Virginia Primary Allows Jefferson Students to Voice their Political Opinions

Donald+Trump+spoke+about+a+possible+2012+presidential+run+at+the+2011+CPAC+conference.+Five+years+later%2C+he%27s+doing+shockingly+well.

photo courtesy of Flickr user Gage Skidmore

Donald Trump spoke about a possible 2012 presidential run at the 2011 CPAC conference. Five years later, he's doing shockingly well.

Madeline Old and Katherine Hughes

Finally, the election is speeding up. After months of speculation and harassing Iowans, the avalanche of primaries let loose yesterday in the event known as Super Tuesday, when 13 states and American Samoa held their primaries. Democrats fought over more than 800 delegates and Republicans fought for just over 600 delegates. This tally for Democrats is about a third of the total and for Republicans, it’s about half.

In Virginia, Hillary Clinton earned 61 delegates, Bernie Sanders earned 32, Donald Trump earned 17, Marco Rubio earned 16, and Ted Cruz, John Kasich, and Ben Carson split the remaining 16.

Everyone who will be eighteen by the general election, including many Jefferson seniors, were eligible to voice their opinions on who their party’s nominee should be. Primary laws vary by state, and Virginia has a system of voting called open primaries, which lets voters vote in whatever party’s primary they want, no matter which party they are registered in. This system is beneficial to independents especially, because in closed primaries, which some states hold, independents can’t vote.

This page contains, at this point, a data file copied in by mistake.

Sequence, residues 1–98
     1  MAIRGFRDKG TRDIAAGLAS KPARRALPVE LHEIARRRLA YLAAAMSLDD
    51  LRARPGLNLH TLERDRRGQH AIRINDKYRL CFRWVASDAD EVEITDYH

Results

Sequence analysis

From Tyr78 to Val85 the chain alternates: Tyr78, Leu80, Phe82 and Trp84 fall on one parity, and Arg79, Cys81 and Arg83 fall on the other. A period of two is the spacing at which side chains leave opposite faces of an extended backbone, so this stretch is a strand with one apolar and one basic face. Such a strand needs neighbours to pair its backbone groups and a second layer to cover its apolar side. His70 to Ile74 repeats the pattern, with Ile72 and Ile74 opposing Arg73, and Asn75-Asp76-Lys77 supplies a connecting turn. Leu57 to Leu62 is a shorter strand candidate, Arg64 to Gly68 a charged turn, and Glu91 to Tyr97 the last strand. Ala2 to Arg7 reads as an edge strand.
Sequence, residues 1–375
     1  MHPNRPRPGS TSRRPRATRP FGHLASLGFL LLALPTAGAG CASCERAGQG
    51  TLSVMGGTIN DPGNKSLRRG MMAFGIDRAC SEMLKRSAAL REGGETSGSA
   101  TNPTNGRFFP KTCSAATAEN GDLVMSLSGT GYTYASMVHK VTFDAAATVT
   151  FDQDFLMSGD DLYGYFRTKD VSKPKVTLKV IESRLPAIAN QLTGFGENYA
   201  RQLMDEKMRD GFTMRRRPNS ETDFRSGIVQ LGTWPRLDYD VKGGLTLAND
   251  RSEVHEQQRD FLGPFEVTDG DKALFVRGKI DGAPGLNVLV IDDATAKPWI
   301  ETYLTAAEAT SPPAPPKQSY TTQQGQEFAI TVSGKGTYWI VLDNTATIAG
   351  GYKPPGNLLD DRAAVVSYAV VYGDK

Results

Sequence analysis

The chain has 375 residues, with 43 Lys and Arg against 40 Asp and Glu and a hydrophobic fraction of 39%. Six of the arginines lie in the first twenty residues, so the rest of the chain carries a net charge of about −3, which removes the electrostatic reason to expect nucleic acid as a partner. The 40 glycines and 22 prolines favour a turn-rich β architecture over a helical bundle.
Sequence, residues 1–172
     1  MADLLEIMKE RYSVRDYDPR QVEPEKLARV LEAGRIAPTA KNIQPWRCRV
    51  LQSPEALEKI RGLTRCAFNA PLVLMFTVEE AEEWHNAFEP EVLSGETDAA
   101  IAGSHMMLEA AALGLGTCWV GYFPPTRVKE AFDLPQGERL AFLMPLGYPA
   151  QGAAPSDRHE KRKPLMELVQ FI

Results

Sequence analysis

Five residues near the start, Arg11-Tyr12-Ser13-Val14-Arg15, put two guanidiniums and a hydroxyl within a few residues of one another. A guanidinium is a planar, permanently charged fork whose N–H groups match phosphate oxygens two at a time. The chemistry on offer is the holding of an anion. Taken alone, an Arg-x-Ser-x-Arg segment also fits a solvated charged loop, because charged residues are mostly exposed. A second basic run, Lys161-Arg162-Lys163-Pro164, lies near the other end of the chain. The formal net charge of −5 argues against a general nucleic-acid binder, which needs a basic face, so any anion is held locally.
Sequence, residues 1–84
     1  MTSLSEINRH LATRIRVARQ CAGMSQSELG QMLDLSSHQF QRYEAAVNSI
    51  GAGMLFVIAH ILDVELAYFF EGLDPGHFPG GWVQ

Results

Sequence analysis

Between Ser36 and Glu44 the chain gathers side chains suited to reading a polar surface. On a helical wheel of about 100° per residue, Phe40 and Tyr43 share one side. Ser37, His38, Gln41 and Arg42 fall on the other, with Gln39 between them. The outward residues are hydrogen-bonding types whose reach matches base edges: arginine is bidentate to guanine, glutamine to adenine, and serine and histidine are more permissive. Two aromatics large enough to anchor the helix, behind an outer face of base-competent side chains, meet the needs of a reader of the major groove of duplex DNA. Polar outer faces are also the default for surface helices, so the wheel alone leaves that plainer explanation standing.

“I took advantage of the open primaries,” senior Andrew Jiao said. “The VA Republican party wanted it to be closed only to Republicans and had they done that, I would not have been able to vote for the candidate that I wanted… I consider myself an independent.”

Other Jefferson students who do align themselves with parties used the open primary system for other reasons. Voters have tried to sabotage the opposing party by voting for a candidate they don’t think could beat their own candidate in the general elections in the past.

“I voted for Donald Trump. I wanted to sabotage the Republican party because I’m really liberal. I don’t think he has any chance of beating Hillary Clinton in the general election,” senior Mark Prettyman said. “If I had voted in the Democratic primary I would have voted for Bernie Sanders.”

Primaries tend to have lower turnout than the general election, because they don’t have as much of a dramatic effect. This may be a problem because politically passionate voters tend to vote in primaries at higher rates than moderate voters, and nominate a candidate who may not be able to please the whole nation in the general election. Not everyone who voted in this primary was politically passionate, however.

“I didn’t decide who I was going to vote for until the last day, so I went up and they asked me if I was Democratic or Republican and I just chose whatever, so in that way I did take advantage of the open primary,” said senior Lisa Qian. “In the morning my mom sent me a quiz of who I side with and I took it and got 97% Bernie Sanders and 94% Hillary Clinton so I ended up voting for Bernie Sanders because apparently I agree with a lot of his policies.”